|Canon 60D»||Rec||79/100||4/5||5/5||4.5/5||Aug 2010||1,399||-|
|Panasonic G80«||HiRec||84/100||5/5||4.5/5||4.5/5||Sep 2016||899|
|Canon 80D« »||HiRec||84/100||4.5/5||4.5/5||4.5/5||Feb 2016||1,199|
|Canon 7D II« »||Rec||84/100||4/5||5/5||4.5/5||Sep 2014||1,799|
|Canon 70D« »||HiRec||83/100||4.5/5||4.5/5||5/5||Jul 2013||1,199||-|
|Canon 7D« »||HiRec||84/100||4.5/5||5/5||4.5/5||Sep 2009||1,699||-|
|Canon 5D Mark II« »||91/100||79/100||4/5||5/5||-||Sep 2008||3,499||-|
|Canon 50D« »||HiRec||HiRec||4.5/5||5/5||4.5/5||Aug 2008||1,299||-|
|Canon 40D« »||HiRec||HiRec||4.5/5||rev||4.5/5||Aug 2007||1,299||-|
|Canon 30D« »||HiRec||HiRec||rev||rev||-||Feb 2006||1,399||-|
|Canon 20D« »||-||HiRec||-||rev||-||Aug 2004||1,499||-|
|Nikon D7000« »||-||80/100||4.5/5||5/5||4.5/5||Sep 2010||1,499||-|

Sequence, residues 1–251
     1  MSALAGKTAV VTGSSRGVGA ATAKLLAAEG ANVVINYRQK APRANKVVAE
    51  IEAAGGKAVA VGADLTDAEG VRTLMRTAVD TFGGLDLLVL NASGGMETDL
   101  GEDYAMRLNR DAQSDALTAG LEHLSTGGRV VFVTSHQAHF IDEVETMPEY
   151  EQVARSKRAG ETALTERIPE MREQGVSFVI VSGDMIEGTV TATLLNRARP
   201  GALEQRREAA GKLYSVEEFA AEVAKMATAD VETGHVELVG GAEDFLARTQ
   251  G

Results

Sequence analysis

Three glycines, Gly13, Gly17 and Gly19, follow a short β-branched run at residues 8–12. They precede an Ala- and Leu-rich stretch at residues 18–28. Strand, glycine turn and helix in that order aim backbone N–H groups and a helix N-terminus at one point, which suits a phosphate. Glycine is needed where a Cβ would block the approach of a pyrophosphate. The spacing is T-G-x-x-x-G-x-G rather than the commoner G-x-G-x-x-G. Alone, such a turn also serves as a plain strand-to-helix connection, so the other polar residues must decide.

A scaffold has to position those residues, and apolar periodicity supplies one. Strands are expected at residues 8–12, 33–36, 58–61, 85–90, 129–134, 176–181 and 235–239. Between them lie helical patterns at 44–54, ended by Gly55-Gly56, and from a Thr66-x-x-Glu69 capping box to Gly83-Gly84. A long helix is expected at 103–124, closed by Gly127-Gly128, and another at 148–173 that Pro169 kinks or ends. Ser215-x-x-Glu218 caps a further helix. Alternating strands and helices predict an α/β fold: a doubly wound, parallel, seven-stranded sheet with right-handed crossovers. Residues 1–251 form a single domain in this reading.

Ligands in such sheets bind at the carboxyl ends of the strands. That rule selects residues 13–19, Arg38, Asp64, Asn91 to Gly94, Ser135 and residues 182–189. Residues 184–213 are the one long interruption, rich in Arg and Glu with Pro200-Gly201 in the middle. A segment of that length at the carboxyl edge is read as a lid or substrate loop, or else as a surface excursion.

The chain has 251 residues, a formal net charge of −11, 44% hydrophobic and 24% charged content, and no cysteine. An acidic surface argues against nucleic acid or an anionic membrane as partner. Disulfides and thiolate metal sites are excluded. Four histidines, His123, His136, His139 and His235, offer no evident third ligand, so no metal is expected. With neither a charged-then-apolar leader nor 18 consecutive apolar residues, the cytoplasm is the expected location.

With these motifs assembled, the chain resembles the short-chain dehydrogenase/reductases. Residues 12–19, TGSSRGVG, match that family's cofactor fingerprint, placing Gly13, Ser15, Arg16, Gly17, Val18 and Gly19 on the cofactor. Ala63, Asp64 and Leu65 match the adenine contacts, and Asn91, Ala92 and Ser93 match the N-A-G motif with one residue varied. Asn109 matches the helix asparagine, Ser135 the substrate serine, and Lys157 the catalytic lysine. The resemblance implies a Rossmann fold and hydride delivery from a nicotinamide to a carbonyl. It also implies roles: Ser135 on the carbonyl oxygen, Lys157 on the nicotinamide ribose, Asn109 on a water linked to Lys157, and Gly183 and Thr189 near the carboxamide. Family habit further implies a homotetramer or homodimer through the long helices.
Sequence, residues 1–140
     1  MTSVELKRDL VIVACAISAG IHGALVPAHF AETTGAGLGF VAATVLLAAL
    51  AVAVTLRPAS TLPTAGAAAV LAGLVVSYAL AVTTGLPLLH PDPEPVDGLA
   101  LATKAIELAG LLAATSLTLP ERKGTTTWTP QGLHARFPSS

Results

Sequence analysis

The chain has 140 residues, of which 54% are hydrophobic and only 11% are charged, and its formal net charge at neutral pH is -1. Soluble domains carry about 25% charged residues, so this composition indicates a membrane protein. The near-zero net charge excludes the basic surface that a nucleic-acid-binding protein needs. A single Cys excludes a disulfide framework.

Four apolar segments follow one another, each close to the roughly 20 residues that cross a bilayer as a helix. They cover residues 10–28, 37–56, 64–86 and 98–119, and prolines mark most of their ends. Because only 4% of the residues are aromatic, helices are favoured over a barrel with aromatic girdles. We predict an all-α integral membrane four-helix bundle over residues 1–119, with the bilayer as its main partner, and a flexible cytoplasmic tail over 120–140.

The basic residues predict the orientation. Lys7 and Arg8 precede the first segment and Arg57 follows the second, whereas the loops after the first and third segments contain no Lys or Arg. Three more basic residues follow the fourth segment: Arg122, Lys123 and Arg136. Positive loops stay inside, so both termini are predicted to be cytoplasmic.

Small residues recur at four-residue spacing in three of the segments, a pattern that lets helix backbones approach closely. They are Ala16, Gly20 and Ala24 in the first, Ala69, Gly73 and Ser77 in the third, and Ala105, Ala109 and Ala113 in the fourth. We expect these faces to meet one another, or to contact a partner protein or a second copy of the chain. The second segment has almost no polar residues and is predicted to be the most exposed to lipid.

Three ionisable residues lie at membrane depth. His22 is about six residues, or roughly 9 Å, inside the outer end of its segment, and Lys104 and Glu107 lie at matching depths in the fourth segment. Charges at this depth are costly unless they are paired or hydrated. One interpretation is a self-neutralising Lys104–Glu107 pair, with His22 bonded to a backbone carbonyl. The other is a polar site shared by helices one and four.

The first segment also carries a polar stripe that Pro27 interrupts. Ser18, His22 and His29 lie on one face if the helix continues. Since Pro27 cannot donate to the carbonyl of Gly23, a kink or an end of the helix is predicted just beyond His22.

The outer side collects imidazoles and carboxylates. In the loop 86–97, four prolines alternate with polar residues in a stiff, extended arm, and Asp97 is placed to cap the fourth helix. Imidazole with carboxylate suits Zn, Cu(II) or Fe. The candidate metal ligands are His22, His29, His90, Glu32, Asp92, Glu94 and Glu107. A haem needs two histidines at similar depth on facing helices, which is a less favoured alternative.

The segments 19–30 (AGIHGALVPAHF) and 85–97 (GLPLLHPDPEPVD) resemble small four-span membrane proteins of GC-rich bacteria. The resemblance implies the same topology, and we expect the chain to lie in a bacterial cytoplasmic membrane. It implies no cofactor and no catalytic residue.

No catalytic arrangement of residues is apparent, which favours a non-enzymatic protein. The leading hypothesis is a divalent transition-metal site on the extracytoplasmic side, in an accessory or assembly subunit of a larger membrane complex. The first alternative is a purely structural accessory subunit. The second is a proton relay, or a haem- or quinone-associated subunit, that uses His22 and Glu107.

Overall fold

|Olympus E-M10 II« »||HiRec||80/100||5/5||5/5||5/5||Aug 2015||799||-|
|Olympus E-M5 II« »||HiRec||81/100||5/5||4.5/5||5/5||Feb 2015||1,099|
|Olympus E-P5« »||HiRec||78/100||4.5/5||4.5/5||5/5||May 2013||999||-|
|Panasonic GH5« »||HiRec||85/100||4.5/5||5/5||5/5||Jan 2017||1,999|
|Panasonic GX80« »||HiRec||82/100||5/5||4.5/5||5/5||Apr 2016||799|
Care should be taken when interpreting the review scores above, though. The ratings are only valid when refering to cameras in the same category and of the same age. Hence, a score should always be seen in the context of the camera's market launch date and its price, and comparisons of ratings among very different cameras or across long time periods have little meaning. Also, kindly note that some of the listed sites have over time developped their review approaches and their reporting style.